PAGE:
European carriers reportedly not convinced by Nokia's push to challenge competitors
It would appear that mobile operators in Europe aren't impressed with what Nokia (and Windows Phone as a whole) has to offer to battle Google and Apple in the market. According to Reuters, four operators have stated that Nokia handsets have not been 'good enough' to compete with the iPhone and Samsung Galaxy devices.
One operator executive (who wished to remain anonymous) had the following to say:
"No one comes into the store and asks for a Windows phone. Nokia have given themselves a double challenge: to restore their credibility in terms of making hardware smartphones and succeed with the Microsoft Windows operating system, which lags in the market."
Now, we'll be the first to agree with the fact that not many customers will walk into a store and ask for a Windows Phone as the platform hasn't had the promotion or momentum that it so desperately requires. Microsoft has started their Smoked by Windows Phone campaign in a number of countries to build this momentum to a respectable pace, and Nokia has been hard at work with "The Amazing Everyday" and hosting live events. Cue "Rolling Thunder"? The trouble is there's just too much to do.
Windows Phone as a whole lacks a small number of selling points. Apps being the main complaint from potential buyers. There aren't enough big-brand apps on the marketplace and well established developers still remain skeptical and clear of the platform. This is set to change hopefully with Microsoft's plans to bring said developers to the Windows Phone table and pump apps out that are already available on other platforms. The company, along with Nokia, is also investing heavily in development programs including the €18 million investment on a university program in Finland.
As well as apps and developers, consumers haven't exactly been jumping with joy at Windows Phone. Whether it be simply because it's Microsoft, they don't like the UI, or they've just never heard of its existence, marketing and promotion is required on all fronts. Microsoft and Nokia has kick-started campaigns and results have proved to be fairly positive. The Lumia 900 launch has seen headlines covering the sell out at both AT&T and Amazon. Let's not forget the love that China still holds for Nokia or how a number of Windows Phones have populated the top rated charts on Amazon.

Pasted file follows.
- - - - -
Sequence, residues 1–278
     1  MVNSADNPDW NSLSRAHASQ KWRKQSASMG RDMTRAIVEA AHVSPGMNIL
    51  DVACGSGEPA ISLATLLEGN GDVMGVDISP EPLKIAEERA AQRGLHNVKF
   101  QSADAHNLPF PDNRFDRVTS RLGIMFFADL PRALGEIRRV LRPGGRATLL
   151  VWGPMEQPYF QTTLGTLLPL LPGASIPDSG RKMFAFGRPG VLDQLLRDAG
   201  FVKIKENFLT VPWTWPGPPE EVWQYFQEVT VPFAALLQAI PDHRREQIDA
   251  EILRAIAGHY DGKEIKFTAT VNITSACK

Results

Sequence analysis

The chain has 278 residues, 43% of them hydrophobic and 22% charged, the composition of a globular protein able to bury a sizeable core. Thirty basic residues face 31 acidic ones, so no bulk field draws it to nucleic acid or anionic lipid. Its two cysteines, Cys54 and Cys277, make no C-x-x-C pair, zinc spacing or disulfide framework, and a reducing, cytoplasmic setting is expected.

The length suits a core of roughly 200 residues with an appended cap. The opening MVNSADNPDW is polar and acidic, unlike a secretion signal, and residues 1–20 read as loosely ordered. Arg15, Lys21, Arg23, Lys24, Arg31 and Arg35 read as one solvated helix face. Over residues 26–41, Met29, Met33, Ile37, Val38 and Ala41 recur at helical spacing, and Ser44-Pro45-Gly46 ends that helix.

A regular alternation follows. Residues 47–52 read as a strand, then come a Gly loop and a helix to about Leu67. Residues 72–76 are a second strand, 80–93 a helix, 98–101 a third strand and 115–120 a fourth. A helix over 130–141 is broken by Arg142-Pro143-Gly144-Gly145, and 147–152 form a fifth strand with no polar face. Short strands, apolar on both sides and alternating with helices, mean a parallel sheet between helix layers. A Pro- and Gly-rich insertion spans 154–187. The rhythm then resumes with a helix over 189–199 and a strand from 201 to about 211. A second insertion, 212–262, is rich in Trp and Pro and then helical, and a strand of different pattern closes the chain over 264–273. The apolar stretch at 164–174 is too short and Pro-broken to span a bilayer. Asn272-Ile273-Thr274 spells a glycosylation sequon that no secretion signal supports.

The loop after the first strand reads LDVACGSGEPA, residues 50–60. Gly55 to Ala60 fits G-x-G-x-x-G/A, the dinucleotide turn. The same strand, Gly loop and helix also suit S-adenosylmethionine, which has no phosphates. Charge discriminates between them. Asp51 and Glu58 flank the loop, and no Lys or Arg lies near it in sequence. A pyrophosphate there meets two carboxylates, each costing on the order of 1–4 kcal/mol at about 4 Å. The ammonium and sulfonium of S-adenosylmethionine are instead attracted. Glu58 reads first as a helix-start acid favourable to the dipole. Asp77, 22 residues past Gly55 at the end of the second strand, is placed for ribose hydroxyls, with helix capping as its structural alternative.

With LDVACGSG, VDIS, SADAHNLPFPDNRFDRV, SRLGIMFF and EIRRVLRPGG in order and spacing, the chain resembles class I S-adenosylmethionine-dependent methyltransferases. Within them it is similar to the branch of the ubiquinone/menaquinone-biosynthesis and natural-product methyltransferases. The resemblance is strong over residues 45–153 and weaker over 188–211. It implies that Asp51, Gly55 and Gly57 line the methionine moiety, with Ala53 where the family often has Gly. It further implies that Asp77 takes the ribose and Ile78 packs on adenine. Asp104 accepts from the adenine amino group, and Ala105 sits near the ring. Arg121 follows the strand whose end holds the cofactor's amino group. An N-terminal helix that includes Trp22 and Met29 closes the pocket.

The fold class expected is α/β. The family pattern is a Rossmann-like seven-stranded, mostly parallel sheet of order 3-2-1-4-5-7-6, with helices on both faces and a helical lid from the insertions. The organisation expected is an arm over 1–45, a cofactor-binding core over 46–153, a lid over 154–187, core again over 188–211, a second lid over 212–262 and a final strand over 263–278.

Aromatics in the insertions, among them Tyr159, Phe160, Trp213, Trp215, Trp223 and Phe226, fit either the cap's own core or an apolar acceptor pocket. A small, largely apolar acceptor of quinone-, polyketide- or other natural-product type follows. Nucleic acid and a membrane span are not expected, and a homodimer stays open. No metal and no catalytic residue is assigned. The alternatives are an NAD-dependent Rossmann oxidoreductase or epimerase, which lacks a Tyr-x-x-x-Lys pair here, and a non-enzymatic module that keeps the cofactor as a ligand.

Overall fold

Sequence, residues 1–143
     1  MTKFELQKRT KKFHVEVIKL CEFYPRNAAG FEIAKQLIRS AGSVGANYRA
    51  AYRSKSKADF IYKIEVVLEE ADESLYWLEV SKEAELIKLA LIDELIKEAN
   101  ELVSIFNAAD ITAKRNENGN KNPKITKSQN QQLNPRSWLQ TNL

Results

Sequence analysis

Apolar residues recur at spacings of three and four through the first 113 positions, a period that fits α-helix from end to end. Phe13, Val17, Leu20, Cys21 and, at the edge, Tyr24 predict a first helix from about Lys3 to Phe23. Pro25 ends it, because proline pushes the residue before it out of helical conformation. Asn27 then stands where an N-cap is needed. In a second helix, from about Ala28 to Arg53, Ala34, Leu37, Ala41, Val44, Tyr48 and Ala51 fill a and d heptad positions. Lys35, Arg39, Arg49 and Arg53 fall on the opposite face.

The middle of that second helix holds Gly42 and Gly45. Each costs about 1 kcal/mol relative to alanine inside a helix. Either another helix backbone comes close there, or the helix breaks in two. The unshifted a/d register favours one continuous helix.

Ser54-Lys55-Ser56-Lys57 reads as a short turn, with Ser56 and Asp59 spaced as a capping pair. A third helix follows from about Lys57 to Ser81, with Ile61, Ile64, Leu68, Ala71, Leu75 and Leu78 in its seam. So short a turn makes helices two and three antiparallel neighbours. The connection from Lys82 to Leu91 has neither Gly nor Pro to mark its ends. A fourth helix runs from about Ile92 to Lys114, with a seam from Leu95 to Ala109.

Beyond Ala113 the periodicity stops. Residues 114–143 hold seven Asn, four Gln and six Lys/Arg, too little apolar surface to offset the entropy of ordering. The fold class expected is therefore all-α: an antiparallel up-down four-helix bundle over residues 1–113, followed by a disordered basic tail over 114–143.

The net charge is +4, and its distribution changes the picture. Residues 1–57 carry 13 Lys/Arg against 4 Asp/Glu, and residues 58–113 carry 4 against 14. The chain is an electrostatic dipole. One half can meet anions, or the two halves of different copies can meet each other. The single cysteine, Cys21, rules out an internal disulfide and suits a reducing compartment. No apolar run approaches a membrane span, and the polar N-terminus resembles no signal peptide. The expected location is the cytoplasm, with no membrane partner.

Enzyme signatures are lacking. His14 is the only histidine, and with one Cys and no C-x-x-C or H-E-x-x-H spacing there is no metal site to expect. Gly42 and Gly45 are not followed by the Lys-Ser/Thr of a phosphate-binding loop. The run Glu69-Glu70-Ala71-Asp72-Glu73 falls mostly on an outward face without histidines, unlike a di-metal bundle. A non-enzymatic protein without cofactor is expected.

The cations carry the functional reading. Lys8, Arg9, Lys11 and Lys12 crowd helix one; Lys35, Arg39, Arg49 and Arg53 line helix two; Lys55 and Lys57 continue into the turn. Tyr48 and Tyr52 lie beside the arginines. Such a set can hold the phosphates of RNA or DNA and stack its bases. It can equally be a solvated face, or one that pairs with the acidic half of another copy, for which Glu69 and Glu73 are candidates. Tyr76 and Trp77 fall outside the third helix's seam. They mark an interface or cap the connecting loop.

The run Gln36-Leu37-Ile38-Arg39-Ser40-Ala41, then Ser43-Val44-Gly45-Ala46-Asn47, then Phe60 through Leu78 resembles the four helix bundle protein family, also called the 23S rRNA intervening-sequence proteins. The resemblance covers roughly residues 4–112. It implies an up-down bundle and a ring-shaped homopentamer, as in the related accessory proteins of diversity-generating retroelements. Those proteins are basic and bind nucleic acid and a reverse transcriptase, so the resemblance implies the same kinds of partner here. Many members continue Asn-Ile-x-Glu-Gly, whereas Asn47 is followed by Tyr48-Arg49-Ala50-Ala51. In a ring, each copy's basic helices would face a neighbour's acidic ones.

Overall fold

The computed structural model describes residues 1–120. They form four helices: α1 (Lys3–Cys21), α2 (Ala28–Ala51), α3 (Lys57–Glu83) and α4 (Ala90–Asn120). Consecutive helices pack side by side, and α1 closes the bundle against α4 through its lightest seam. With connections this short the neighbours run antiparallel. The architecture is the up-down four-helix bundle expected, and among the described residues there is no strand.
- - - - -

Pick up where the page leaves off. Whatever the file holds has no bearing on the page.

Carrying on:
With the amount of money that has been reported to be in the pipeline, we can only look forward to some positive promotion material being launched globally. But let's head on back to the carriers who state that the Lumia handsets just aren't enough. We must ask the question: have they done enough? Have carriers actively promoted the devices on-par with the iPhone or Android handsets? We've continuously had readers send in complaints about their local store that wouldn't sell them a Windows Phone willingly or if there was no demo units available.
A device chief at a European carrier stated the following:
"We can open our stores to them and train our staff to sell the phones, but that's it. Ultimately, Nokia and Windows are challengers and they either need to come to market with a really disruptive, innovative product or a huge marketing budget to create client demand. So far they have done neither."
Unfortunately, this is also true. It down to Microsoft and OEMs to push their handsets, and we can't keep pinning the problems on carriers. AT&T has the Lumia 900 featured as a "hero device", but that's just for the U.S. What about the countless other supported countries? One has to ask: "Where is Microsoft?". Telecom consultant, John Strand, who works with many of the top European carriers, has an interesting view on the situation.
"The operators say to Nokia: 'We will try to bail you out if you and Microsoft come with the marketing money'. But even if the operators start to give away the Nokias for free, it will not make Nokia a success."
At the end of the day, carriers don't have to push Windows Phones out the door and perhaps we (as enthusiasts) have come at this from the wrong angle. The operators want the third contender and they desire to provide better choice to customers. But for this to be effective and worthwhile for the companies to make a comfortable profit, they require the marketing power that Microsoft could (and should) provide.
Do you believe carriers should push the handsets more, or should it be Microsoft pumping marketing funds into the well of wonders?